February 3rd, 2013 Posted in News
By Seth Merrill
LOGAN—What started as an idea to help on-campus residents become environmentally conscious may soon be a full-fledged project for two Utah State University resident assistants. Rene Hernandez and Wendy Sticht say they’ll try to bring more sustainability projects to campus residents.
“I love the idea of people being aware of the stuff they use,” said Hernandez, a junior who is studying Spanish and math, after Wednesday’s Blue Goes Green forum.
“We want to get a project going to help our residents see that they can get involved, too,” said Sticht, a freshman majoring in psychology.
If they are able to secure funding, Hernandez, Sticht and the students they represent would become two of the newest beneficiaries of a program that has awarded 12 grants totaling $50,369 since its inception in fall 2011.
The Student Sustainability Office sponsored the town hall to answer questions about Blue Goes Green, a program that allows students to implement sustainability projects on campus. The meeting featured a panel of student volunteers from Blue Goes Green and past grant recipients. The program has $9,000 available this semester to award for projects that align with USU’s commitment to be environmentally responsible and reduce the campus’s carbon footprint.
Sustainability efforts on campus were spearheaded in January 2007 by President Stan Albrecht’s signing of an initiative to minimize carbon emissions and achieve climate neutrality at USU.
“There are two key things we are looking for in grant proposals: Are the projects accessible to students, and do they align with the President’s Climate Commitment?” said Roslynn Brain, a member of the committee that reviews grant proposals.
Brain encourages students from various disciplines to get involved in Blue Goes Green. The grant funds, which come from fees that students agreed to add in February 2011, provide an opportunity for students to gain professional experience by seeing a project through from conception to execution.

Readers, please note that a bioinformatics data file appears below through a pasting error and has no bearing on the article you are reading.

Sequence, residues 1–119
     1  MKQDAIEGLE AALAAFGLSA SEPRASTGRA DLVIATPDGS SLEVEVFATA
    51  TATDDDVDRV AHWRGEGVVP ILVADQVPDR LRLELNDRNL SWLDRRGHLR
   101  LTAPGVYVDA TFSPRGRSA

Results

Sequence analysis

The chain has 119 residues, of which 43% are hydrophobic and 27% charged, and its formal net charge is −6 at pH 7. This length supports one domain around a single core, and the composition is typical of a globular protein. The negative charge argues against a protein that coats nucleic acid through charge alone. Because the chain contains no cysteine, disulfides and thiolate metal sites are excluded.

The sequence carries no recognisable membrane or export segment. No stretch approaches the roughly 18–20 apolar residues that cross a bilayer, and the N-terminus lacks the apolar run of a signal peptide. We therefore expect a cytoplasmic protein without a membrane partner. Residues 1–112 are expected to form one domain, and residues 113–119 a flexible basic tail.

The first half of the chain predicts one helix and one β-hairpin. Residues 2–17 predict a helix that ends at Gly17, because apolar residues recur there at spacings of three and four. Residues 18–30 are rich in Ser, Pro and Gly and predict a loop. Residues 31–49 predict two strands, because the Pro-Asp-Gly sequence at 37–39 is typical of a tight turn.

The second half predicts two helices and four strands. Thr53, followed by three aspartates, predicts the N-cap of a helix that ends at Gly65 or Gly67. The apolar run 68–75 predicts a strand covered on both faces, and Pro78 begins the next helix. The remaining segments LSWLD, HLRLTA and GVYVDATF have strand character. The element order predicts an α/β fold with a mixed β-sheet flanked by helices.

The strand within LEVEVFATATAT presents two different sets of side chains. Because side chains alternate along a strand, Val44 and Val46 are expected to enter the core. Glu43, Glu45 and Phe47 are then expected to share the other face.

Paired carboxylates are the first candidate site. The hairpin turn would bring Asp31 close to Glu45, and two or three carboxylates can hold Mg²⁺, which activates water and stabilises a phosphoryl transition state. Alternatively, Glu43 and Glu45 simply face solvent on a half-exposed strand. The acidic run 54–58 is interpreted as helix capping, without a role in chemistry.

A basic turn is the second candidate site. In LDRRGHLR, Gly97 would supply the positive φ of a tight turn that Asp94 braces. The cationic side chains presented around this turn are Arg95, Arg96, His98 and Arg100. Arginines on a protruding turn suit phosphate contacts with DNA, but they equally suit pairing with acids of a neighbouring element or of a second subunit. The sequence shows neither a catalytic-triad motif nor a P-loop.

“From my perspective with talking to students about jobs and hirability, submitting a grant is a great opportunity, especially if it relates to sustainability,” Brain said. “Thousands of businesses across the world have incorporated sustainability as part of their business motto. If you have on your resume that you’ve submitted and received funds for a project that improves our campus’s environmental footprint, that’s a really big appeal.”
Grant proposals are due before March 1. The Student Sustainability Office encourages students to seek out other stakeholders willing to donate money or match the amount that would come from Blue Goes Green. If a proposal is approved by two-thirds of the Student Grant Committee, funds are awarded. Grantees are expected to follow through with the project to its completion and use the grant funds within one calendar year of receiving them.
Chris Binder, a landscape architecture graduate student and avid bicycler, has received two grants in the past year to improve bike infrastructure on campus. Having worked on projects individually and as a member of an interdisciplinary group, Binder has seen how important communication and teamwork are in executing a project successfully.
“You really need to talk to every person involved many times over the course of weeks, if not months, to make sure you put something together that is feasible even if it is simple,” Binder said. “These grants involve a lot of late-night work, gathering papers, documents and proposals, and doing it on your own can be overwhelming.”
“You have to be passionate about it or you won’t be very successful,” he said.
Sticht and Hernandez hope that Blue Goes Green will be able to fund ideas and goals that are currently bigger than their budget. They want to help other students get excited about sustainability by seeing what can be accomplished.
“We are going to have a brainstorming meeting with our other associates at Housing Services to decide on a project,” Sticht said. “Our current sustainability budget is very small, so a grant would allow us to do a lot more than we can now.”
“I hope that as our ideas come out, we won’t be limited by what we don’t have money for,” Hernandez said. “We want our project to be elaborate and realistic, but we need help. Blue Goes Green is a big resource.”